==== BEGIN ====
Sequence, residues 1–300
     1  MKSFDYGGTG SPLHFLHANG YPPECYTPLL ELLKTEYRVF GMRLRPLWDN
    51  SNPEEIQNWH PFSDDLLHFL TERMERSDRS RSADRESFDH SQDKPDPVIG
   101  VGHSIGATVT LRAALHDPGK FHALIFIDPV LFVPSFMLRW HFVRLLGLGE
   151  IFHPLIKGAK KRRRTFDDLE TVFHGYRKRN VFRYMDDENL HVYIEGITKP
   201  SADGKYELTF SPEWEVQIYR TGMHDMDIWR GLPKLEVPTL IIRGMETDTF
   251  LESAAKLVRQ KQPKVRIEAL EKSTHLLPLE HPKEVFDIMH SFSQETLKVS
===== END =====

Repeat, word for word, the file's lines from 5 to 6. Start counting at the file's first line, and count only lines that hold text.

   151  IFHPLIKGAK KRRRTFDDLE TVFHGYRKRN VFRYMDDENL HVYIEGITKP
   201  SADGKYELTF SPEWEVQIYR TGMHDMDIWR GLPKLEVPTL IIRGMETDTF